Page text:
Bills of exchange are drawn for specific time duration. Once its date of maturity arrives, the drawer will receive the due payment of his bill from his drawee. Such financial transactions get recorded in the books of accounts of both- a drawee as well as his drawer.

Journal Entries

           Transactions                        Books of Drawer                            Books of Drawee

(Presume A)                                    (Presume B)

  1. Goods are sold by A to B Purchases A/c to BDr. to Sales A/c to A

(Since goods are sold to B on credit)  (Since goods purchased from A)


  1. Bill is accepted by B B/R A/c                         A                     Dr.

(Drawn by A)                            To B                                    To bills payable A/c

(Since the acceptance of this bill exchange received)        (Since acceptance of the bill given to A)

  1. The bill has been honoured Cash A/c Dr. B/P A/c Dr.

or paid on its due date.              To B/R A/c to Cash A/c

(Since the payment of the bill received)           (Since payment of the bill has been made)

Explaining these Journal Entries

On the basis of its payment, a bill of exchange can be classified into two categories. These classifications are as follows-

  1. Bills Payable

This refers to a bill of exchange whose payment has been made. It is the drawee who makes the payment of bills of exchange. Thus, it is only a drawee who can use the word “Bills Payable” in his books of accounting. Depending upon a particular case, he can either debit or credit his“Bills Payable” Account. A drawee will never use the term “Bills Receivable.”

  1. Bills Receivable

Bills of Exchange whose payment needs to be received are known as Bills Receivable. Since such payments are usually received by a drawer, it is always “bills receivable” for him. For accounting purposes, the drawer always credits or debits these bills receivable in his books of accountancy. The debtor will never have “bills payable” recorded in his books of accounting. Even if it is an endorsee who receives the payment of this bill, he will use the term “Bills Receivable” in his accounting book.


  1. Acceptance of a Bill

Students who have been following the previous chapters will remember that in the initial stage, a bill which the drawer writes remains as a draft. This draft is treated as a valid bill of exchange only when his drawee accepts it. This clearly states that a bill comes into its real existence at the place of its drawee as it remained a draft till it was accepted.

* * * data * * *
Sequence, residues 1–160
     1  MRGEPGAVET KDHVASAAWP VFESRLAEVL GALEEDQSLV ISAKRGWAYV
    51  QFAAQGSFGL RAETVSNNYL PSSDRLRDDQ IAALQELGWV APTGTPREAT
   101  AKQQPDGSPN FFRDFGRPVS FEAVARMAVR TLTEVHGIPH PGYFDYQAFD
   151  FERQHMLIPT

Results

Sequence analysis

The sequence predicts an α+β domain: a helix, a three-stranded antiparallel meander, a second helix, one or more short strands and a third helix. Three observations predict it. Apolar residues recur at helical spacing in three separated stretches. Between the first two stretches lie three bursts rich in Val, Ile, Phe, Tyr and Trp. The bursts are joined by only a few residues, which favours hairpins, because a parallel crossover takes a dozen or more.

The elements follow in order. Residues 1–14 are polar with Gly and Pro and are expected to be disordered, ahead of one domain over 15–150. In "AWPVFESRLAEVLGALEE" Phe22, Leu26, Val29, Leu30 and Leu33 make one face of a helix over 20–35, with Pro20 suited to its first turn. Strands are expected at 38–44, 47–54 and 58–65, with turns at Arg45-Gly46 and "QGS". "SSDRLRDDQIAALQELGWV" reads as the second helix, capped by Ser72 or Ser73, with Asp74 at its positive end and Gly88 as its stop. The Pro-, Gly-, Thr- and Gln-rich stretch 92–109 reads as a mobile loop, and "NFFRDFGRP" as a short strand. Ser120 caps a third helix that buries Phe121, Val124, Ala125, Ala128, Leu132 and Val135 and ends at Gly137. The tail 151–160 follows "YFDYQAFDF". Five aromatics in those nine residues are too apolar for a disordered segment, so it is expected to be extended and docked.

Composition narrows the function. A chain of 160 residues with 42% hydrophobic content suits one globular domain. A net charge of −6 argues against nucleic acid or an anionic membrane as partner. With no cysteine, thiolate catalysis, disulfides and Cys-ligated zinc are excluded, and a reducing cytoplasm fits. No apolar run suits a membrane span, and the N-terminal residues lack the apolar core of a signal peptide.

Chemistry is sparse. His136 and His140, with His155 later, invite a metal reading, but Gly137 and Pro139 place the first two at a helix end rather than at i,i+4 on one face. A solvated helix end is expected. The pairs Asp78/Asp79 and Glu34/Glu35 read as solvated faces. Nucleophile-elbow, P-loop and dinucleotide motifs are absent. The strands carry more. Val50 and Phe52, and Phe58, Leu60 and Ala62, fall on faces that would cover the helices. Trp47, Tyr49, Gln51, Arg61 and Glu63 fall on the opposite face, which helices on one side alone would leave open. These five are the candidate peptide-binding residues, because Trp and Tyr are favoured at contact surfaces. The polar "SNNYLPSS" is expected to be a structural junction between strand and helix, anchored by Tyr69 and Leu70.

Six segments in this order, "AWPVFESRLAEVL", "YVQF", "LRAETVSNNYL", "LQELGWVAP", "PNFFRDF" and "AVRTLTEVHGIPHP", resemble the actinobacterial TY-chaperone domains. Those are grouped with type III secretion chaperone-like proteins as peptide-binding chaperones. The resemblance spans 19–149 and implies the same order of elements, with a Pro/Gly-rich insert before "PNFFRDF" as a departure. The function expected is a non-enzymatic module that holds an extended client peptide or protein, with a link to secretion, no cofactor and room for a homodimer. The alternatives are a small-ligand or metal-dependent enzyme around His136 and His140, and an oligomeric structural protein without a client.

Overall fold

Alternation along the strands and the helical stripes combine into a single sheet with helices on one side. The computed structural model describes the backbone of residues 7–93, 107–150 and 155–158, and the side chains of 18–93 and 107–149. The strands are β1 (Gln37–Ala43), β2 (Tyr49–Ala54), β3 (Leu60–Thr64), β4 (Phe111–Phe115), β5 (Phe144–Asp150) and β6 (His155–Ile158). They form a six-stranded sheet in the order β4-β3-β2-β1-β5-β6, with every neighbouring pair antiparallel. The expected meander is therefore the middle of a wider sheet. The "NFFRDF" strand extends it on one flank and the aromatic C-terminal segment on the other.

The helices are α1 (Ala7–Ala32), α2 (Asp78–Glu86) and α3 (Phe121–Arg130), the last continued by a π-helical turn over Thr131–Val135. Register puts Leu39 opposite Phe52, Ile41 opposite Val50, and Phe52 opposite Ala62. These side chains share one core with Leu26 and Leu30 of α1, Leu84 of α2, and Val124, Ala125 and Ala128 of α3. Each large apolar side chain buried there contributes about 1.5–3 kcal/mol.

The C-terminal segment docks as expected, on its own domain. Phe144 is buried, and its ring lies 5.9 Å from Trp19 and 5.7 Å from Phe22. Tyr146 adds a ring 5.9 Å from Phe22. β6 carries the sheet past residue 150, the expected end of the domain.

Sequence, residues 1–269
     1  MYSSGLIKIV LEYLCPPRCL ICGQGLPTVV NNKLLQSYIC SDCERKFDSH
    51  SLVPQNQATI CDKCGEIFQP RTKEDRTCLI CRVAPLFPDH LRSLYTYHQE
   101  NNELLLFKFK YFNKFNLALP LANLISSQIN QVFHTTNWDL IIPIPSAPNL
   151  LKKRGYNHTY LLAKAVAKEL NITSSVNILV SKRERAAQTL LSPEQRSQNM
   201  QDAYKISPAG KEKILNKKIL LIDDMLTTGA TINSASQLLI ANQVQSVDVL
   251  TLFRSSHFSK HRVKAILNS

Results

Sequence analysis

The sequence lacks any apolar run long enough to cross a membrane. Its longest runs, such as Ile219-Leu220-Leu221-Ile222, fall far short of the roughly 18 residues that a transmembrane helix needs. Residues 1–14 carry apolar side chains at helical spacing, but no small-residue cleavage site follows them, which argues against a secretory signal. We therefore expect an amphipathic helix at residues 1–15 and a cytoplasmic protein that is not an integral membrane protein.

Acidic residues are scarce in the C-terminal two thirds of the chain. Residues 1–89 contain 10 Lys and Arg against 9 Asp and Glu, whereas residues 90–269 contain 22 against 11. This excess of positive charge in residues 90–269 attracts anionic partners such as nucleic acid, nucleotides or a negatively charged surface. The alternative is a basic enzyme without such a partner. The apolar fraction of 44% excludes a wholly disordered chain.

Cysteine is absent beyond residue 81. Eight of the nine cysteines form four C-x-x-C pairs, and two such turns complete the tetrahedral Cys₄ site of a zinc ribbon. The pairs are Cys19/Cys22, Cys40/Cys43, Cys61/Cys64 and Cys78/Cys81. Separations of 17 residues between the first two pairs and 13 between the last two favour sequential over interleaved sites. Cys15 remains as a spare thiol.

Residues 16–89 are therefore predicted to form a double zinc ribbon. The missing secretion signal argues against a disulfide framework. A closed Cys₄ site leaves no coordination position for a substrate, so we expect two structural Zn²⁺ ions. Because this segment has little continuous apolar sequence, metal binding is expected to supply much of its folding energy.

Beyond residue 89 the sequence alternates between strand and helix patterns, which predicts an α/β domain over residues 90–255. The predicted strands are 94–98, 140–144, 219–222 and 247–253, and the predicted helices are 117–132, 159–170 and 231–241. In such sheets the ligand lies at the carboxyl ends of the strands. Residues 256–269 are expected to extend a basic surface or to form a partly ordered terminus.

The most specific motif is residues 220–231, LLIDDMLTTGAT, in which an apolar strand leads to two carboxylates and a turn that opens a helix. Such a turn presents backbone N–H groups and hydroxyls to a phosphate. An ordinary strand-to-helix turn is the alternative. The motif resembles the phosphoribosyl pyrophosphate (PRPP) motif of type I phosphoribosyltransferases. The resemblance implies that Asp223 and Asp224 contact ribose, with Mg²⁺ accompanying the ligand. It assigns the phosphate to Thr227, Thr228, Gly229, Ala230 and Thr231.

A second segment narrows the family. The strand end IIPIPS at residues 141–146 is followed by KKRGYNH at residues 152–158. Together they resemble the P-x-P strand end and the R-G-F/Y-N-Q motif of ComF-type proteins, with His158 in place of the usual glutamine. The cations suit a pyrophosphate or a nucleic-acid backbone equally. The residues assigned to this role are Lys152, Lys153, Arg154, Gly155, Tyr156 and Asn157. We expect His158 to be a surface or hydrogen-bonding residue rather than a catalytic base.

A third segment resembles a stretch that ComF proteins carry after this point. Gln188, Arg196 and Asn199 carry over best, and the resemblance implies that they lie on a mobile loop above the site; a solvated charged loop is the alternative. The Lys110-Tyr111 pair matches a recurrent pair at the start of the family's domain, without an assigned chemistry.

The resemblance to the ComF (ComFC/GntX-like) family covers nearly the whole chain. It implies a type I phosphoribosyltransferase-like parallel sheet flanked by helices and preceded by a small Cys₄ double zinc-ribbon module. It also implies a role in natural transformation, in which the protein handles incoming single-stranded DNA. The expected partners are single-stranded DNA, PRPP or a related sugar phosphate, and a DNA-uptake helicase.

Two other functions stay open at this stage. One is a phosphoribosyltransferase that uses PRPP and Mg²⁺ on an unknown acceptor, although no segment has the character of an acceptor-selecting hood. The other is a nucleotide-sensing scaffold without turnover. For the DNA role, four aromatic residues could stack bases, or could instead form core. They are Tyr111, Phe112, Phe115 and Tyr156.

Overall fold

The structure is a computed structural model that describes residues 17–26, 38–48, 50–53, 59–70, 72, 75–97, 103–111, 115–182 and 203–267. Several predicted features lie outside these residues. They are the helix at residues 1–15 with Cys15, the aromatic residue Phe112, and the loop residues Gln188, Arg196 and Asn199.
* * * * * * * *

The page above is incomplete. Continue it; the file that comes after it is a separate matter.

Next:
Being a legally approved document, each of its movement will have a corresponding entry in the books of accountancy. Initially,a bill will go to its drawer for retention. Since the drawer receives it, he will debit the bills receivable account. This is due to the fact that B/R account is a real account and thus the rule of “debit whatever comes in” applies here.

As per the modern approach, since this“Bills Receivable” account is an asset which is on a gradual increase, it needs to be debited.  As per the rule of “credit your giver,” a drawer will credit his drawee’s account. The modern approach believes that a debtor’s account will be credited as an asset since it is decreasing. Once they accept the bill, debtors will start decreasing and this decrease in assets will get credited.

The drawee will now credit bills payable account as bills payable is going out. He will debit his drawer’s account since the bill of exchange is now received by his drawer.

  1. Payment of a Bill

On the date of maturity, a drawer will send this bill of exchange to his drawee. The B/R account will be credited (as per the rule- credit that which goes out) since it goes outside. His cash account will then be debited since cash is coming in, as per another rule-debit that which comes in.

The drawee will credit his cash account as it is going outside the business and debit his bills payable account.

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